As a product manager, you know how to adapt to complex situations. However, it’s impossible to predict exactly how a new product feature is going to perform before you launch it, and product validation can feel like it’s out of reach, especially if you don’t have extra time and resources available in your department. That’s why at UserVoice, we use creative ways to gather the data and insights we need without getting bogged down in an overly complicated process.
Product management is always going to include some degree of risk and uncertainty, but the best way we’ve found to reduce that risk is to continuously validate your product’s features—and in a way that’s flexible and fits your organization.
User feedback is invaluable for understanding the problems of your customer base, but when you’re working with finite resources, it can be a challenge to determine:
When we validate a new idea for a product feature, we scale our feedback collection method and sample size to meet our specific needs at that moment. Scaling your feedback collection efforts to fit your needs ensures that you get enough useful data to inform your feature development.
For instance, if we’re launching an entirely new product, we’ll invest in more research at a larger scale. We may conduct several rounds of surveys that target thousands of prospective users so we can be confident in the data we gather. However, if we’re working on a small feature update, conducting a few focus groups or analyzing existing customer feedback might generate enough data to inform our work.
We try to stay flexible during this phase: if we start small and realize we need more data, we’ll return to this step until we’ve gathered the information we need to move forward.
As Torre Matthew, one of our product managers, says: “Be very open-minded to not understanding the problem as well as you think you do.” You won’t fully understand every part of your customers’ problem until you dive into this process and start learning more.
“Be very open-minded to not understanding the problem as well as you think you do.”
It’s also beneficial to seek out as many perspectives as possible while you’re gathering feedback. In fact, we’ll often reach out to prospective end-users who aren’t familiar with our product at all because they offer a unique point of view compared to our existing users.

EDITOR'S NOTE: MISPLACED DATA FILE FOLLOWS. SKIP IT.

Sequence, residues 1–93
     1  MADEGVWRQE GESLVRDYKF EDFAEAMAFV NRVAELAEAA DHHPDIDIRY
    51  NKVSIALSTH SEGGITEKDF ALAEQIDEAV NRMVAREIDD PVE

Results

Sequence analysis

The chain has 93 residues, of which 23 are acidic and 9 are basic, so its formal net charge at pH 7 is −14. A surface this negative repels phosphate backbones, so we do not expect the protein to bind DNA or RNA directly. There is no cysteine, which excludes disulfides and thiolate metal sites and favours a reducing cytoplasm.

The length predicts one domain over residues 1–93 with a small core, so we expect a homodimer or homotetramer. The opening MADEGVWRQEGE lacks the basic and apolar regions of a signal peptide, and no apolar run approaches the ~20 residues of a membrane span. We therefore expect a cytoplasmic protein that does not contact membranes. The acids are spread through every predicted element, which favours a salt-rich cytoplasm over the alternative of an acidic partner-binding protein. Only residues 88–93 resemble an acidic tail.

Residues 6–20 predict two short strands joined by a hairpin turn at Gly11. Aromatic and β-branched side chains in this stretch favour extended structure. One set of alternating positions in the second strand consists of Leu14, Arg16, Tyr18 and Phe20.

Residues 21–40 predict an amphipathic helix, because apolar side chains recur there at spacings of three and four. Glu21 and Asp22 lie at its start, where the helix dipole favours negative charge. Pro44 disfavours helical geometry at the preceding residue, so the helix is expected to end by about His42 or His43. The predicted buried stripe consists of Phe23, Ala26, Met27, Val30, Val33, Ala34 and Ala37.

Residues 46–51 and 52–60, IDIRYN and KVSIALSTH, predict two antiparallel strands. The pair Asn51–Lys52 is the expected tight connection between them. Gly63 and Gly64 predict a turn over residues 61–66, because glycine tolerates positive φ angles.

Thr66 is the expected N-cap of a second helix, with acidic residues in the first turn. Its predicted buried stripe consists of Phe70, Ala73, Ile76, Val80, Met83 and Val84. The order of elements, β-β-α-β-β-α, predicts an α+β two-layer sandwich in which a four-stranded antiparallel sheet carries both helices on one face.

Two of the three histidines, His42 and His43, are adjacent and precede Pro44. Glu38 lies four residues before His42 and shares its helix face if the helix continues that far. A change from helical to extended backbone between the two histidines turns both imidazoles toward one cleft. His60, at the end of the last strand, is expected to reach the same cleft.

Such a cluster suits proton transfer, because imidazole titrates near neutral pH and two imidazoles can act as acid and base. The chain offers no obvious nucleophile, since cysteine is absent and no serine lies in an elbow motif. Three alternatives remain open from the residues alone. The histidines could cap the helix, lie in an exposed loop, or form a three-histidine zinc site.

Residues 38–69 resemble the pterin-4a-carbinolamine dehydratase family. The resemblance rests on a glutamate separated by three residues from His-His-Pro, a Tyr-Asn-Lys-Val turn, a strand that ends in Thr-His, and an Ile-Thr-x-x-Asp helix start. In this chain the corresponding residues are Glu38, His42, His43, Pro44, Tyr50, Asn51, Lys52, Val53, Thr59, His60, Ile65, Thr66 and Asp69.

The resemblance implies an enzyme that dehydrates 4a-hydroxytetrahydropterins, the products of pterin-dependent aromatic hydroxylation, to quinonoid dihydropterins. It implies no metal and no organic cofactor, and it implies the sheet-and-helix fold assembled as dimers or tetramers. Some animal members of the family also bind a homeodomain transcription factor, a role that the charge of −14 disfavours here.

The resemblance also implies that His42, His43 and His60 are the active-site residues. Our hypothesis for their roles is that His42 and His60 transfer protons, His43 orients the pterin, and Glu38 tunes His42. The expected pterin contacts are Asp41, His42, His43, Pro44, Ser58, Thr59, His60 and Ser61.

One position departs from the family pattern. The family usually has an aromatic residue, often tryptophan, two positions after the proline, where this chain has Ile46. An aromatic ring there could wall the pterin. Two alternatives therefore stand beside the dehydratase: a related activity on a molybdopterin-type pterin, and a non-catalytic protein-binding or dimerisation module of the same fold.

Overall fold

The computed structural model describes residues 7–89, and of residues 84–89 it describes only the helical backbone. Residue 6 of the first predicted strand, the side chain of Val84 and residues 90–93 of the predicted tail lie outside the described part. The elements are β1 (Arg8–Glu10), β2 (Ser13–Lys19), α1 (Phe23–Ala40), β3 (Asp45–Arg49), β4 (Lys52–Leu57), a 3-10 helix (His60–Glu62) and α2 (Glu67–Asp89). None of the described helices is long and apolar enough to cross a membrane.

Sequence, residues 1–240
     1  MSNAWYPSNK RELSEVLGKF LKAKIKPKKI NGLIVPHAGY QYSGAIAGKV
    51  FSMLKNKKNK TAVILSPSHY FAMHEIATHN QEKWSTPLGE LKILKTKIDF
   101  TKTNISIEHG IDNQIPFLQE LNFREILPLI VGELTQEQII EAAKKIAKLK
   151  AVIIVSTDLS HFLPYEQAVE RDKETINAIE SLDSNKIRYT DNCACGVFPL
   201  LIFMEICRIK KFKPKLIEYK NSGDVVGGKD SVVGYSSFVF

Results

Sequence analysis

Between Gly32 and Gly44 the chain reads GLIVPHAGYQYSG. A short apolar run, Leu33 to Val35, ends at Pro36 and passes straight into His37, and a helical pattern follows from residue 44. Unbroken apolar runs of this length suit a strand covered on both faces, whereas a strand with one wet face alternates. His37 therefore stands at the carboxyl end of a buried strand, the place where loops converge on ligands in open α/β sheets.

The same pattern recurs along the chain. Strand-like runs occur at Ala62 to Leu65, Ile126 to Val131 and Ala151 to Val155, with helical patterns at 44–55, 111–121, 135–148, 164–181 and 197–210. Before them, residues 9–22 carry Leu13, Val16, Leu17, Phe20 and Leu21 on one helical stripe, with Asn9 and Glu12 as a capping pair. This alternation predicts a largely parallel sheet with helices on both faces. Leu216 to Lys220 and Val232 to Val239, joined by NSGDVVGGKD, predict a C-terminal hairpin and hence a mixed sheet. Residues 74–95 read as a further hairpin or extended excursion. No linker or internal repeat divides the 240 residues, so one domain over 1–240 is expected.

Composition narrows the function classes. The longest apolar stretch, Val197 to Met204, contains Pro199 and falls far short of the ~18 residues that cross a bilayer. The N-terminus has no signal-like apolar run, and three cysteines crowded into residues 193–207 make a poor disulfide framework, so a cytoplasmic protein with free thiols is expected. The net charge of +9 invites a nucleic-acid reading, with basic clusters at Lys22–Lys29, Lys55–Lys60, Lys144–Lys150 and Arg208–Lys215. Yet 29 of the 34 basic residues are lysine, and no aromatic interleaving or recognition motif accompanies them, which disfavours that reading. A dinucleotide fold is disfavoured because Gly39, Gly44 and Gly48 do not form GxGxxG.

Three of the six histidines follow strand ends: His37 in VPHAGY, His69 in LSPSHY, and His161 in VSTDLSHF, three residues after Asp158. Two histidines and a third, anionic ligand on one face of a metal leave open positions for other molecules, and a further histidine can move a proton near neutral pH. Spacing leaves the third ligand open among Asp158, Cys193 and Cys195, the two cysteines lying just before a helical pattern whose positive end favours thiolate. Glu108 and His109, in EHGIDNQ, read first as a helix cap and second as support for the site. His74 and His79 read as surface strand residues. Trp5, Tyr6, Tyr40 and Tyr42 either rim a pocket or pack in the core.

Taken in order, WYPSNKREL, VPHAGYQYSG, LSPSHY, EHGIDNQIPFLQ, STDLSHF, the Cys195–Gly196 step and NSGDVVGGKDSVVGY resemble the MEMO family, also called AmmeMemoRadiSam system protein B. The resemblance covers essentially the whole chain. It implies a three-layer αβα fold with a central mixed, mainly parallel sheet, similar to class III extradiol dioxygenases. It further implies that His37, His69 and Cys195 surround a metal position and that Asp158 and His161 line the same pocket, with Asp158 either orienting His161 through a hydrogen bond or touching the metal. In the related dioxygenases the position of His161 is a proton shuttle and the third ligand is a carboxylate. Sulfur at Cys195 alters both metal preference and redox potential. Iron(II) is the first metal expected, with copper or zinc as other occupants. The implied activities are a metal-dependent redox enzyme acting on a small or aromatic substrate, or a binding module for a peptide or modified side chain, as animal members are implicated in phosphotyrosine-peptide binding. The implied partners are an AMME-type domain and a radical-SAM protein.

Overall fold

UserVoice Tip: If you’re struggling to determine how many users you need to talk to, take a look at SurveyMonkey’s guide to determining survey size. If you’re serving a small niche, getting 50 to 100 responses from your target audience might provide you with enough actionable information to take the next step in your validation process.
After we collect enough data, we analyze our results for common themes to determine if our hypothesis has been validated or not. Sometimes, we uncover themes that don’t match our initial feature idea and have to adjust our development plan.
Adjusting your plan sometimes feels uncomfortable—especially if you and your team have to deal with some internal resistance or confirmation bias—or if user opinion shows your initial idea isn’t resonating in some way. Try to keep in mind that the purpose of product validation is to learn—even when it’s tough—and make changes that help you create a valuable product.
It may also take you a few tries of data collection and analysis to create a validated feature. At UserVoice, it sometimes takes multiple rounds of surveying, studying, and feedback collection to fine-tune an idea enough that it’s ready for launch.
After you launch, there is a very powerful way to confirm that the features you’ve developed solve the problem you intended to solve: conduct usability testing. Allow users to interact with your new features in a variety of ways—remote, in person, and within the context that they would normally use your product. As you observe and collect data, pay special attention to the intention-action gap. The intention-action gap describes the difference between which features people intend to use (and say they’ll use) and which features they really find valuable.